Laboratories for design

    Both are also architectural research facilities. They have been engineered to withstand our era's new range of nightmare scenarios and allow thousands of people to flee with maximum efficiency. They aim to consume as little energy as possible and set ambitious standards for green design.

    Having dispensed with the traditional doughnut of cubicles wrapped around a central elevator core, their layouts strive to distribute soul-nourishing daylight and views to every rank of worker. The communal spaces have a magnificently unnecessary grandeur: The Times boasts a garden cloister on the ground floor; Hearst, a cafeteria in a lofty atrium.

    "The architects have made spaces for workers to relax and interact, which is a whole lot different than the American mentality of gathering around the water cooler," says architectural historian Carol Willis, who runs the Skyscraper Museum in Battery Park City. "These buildings are a test case for New York. It's more expensive to build a new paradigm. Will it be attractive enough for tenants to demand it and economical enough for developers to supply it? I don't know, but they're certainly doing a lot of research and development, which is not exactly typical for an office building in New York."

    Architectural homage

    Designed for old-fashioned companies that perform fundamentally the same tasks they did more than 100 years ago, each tower also pays its own architectural homage. Foster's Hearst dwarves and detaches itself from Urban's, proclaiming how far the art has evolved in 75 years.

    And even in all its glittering modernity, the Times Tower gestures toward the 19th century impulse to decorate the city. Its heat-deflecting ceramic tubes recall the elegant terra cotta ornamentation on such civic monuments as the Woolworth Building, says Willis. "Whether Piano was conscious of it or not, it's really part of a New York tradition."

    At the moment, that tradition is partly in the hands of an Italian and a British lord, who bring to the Manhattan skyscraper sensibilities forged in Europe and honed around the globe. For years, New York City has watched other megalopoli become skyscraper laboratories while it tolerated towers of modest distinction.

    With the planned rebirth of its downtown and this pair of midtown jewels in the offing, Manhattan is once again tending to its skyline silhouette.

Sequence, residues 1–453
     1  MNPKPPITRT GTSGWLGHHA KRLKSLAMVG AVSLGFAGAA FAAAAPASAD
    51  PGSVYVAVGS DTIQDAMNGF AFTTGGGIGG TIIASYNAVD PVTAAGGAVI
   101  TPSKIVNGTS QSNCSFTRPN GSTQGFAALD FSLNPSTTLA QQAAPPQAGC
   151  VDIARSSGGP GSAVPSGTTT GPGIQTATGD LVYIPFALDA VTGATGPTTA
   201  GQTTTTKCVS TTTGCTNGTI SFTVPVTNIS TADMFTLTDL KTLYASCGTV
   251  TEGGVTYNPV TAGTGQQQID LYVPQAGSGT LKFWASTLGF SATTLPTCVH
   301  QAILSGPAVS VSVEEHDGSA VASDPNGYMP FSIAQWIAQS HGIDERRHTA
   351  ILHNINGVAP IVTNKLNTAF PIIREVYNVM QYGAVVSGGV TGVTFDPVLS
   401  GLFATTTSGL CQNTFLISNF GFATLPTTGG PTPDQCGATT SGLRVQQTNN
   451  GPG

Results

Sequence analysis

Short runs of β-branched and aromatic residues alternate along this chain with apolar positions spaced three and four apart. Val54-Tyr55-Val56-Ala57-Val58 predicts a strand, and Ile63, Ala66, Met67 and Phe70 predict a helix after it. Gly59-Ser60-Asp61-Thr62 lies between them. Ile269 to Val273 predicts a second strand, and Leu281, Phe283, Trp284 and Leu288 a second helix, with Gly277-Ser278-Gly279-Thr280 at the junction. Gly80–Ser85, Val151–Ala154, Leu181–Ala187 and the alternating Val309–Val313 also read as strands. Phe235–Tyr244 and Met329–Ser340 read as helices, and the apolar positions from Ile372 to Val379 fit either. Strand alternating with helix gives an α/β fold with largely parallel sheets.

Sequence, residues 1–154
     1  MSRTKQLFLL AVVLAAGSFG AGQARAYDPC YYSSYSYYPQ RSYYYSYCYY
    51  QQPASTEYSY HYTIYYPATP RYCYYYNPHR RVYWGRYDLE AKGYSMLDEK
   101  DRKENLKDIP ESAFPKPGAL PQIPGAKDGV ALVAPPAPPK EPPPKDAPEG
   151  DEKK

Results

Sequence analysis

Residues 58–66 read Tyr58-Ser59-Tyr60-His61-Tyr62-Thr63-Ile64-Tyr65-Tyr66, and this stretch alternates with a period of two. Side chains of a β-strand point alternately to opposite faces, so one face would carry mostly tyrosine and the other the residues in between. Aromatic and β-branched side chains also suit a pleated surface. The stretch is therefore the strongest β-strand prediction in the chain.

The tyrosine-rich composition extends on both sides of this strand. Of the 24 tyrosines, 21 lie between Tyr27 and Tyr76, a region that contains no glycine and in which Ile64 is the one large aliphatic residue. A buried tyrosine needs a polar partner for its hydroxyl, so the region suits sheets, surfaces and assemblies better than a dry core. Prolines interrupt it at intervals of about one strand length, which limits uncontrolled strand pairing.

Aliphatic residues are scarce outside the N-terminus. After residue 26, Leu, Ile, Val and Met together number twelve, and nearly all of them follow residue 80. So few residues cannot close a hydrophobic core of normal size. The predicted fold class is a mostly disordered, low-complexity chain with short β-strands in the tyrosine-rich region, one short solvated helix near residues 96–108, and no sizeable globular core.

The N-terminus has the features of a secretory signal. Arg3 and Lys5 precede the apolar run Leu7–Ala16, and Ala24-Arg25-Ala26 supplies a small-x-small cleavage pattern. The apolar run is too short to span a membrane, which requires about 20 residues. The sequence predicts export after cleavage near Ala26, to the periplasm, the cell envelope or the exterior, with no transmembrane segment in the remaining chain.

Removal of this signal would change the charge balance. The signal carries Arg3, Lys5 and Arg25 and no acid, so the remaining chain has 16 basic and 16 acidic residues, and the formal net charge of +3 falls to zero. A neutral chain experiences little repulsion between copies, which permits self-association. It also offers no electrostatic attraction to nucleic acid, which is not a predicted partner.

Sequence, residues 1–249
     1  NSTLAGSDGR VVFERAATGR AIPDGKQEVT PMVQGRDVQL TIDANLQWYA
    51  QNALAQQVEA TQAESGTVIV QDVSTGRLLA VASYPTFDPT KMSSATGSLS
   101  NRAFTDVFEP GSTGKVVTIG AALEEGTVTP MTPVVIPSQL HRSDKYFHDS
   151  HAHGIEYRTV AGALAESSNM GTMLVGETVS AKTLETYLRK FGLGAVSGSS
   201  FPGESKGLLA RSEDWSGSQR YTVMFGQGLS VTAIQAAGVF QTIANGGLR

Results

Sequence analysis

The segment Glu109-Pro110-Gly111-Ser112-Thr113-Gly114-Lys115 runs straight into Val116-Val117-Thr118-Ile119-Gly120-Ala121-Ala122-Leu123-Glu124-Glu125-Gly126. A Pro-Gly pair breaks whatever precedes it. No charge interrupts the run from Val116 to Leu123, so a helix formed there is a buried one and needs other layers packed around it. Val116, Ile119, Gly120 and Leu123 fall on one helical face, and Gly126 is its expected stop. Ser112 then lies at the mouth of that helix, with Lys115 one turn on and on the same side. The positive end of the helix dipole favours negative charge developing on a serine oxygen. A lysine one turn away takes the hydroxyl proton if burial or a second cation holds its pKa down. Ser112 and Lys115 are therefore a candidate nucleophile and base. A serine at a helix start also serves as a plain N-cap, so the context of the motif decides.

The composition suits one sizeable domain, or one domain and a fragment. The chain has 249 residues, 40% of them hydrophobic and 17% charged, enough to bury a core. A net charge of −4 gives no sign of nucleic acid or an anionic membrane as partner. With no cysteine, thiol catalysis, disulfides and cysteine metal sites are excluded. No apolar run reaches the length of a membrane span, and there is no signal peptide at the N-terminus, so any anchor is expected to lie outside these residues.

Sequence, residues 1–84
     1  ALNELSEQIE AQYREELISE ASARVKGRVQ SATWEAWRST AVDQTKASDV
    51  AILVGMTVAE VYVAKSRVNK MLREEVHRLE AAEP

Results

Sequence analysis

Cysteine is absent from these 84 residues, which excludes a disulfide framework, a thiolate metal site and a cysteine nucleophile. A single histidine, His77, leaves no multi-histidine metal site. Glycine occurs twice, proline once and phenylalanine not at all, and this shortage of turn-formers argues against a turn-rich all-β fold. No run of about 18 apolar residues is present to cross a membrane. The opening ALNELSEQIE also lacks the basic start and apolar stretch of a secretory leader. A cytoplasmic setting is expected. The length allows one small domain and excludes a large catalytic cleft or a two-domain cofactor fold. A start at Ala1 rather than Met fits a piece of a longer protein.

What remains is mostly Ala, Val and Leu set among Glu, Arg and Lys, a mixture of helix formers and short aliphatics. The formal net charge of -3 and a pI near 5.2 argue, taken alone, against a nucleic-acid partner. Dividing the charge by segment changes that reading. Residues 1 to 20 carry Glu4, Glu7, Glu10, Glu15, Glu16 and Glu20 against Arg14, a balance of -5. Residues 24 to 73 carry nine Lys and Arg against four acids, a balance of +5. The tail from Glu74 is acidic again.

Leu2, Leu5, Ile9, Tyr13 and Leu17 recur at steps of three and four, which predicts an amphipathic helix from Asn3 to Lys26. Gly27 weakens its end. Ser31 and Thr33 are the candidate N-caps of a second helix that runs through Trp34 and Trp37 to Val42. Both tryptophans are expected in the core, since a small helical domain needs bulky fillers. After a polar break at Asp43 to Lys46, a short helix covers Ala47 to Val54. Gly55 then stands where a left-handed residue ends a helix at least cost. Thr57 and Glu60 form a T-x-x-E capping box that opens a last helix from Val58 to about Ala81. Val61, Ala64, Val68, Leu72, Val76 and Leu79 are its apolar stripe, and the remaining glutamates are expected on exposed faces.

Copyright © 2004, Newsday, Inc.


    New York Times Tower

  7. #142
    Forum Veteran krulltime's Avatar
    Join Date
    Sep 2003
    Location
    Manhattan - UWS
    Posts
    4,208

    Default

    AMEN to that! :wink:

  8. #143

    Default

    A high resolution rendering:



    Here's a first look at the interior lobby:



    This space should not be closed to the public, it was afterall designed for us, however things have since changed.


  9. #144

    Default

    Part of the lobbies supercolumns have already been assembled:


  10. #145
    Member
    Join Date
    Jan 2003
    Location
    The Nation's Capitol (DC)
    Posts
    61

    Default

    Wow, this looks so great. I have been to Foster's "gherkin" Swiss Re in London and was dissapointed that I wasn't allowed in any further than the lobby--so I hope we are at Least allowed in that atrium pictured above.

  11. #146

    Default

    Stern those are some killer renderings of the Hearst Magazine Building Lobby, not bad for Foster and Partners, for some reason when I look at HMB it reminds me of Foster's preliminary WTC proposal. Do you think he recycled the WTC proposal for the HMB or that’s just his style?

  12. #147
    Forum Veteran
    Join Date
    Jan 2002
    Location
    West Harlem
    Posts
    2,805

    Default

    I thought the HMB was designed before his WTC design...

  13. #148

    Default

    Foster’s was specifically choosen for his handling of historically sensitive sites, among them The British Museum. The contrast between the old and the modern is refreshing, the approach is apparently similar on the Hearst Magazine Tower project.







    Likewise the Hearst lobby will be light and airy.

  14. #149
    Forum Veteran krulltime's Avatar
    Join Date
    Sep 2003
    Location
    Manhattan - UWS
    Posts
    4,208

    Default

    What a fantastic building...I am so happy this is getting built in NYC.

  15. #150

    Default

    Quote Originally Posted by Gulcrapek
    I thought the HMB was designed before his WTC design...
    It was. I'm guess that's just the ideas he's playing with now.

Page 10 of 55 FirstFirst ... 6789101112131420 ... LastLast

Similar Threads

  1. Replies: 383
    Last Post: July 21st, 2012, 01:38 PM
  2. CyberCenter - Durst - West 57th
    By Edward in forum New York Real Estate
    Replies: 30
    Last Post: November 6th, 2010, 03:18 PM
  3. East 57th Street Tops Retail List Highest Rents In the World
    By noharmony in forum New York Real Estate
    Replies: 1
    Last Post: January 30th, 2008, 12:33 PM
  4. The Zebra at 420 West 42nd Street
    By Edward in forum New York Real Estate
    Replies: 23
    Last Post: August 30th, 2007, 01:28 PM
  5. Carnegie Mews - 211 West 56th Street
    By noharmony in forum New York Real Estate
    Replies: 5
    Last Post: December 19th, 2001, 10:14 PM

Tags for this Thread

Bookmarks

Posting Permissions

  • You may not post new threads
  • You may not post replies
  • You may not post attachments
  • You may not edit your posts
  •  


Google+ - Facebook - Twitter - Meetup

Edward's photos on Flickr - Wired New York on Flickr - In Queens - In Red Hook - Bryant Park - SQL Backup Software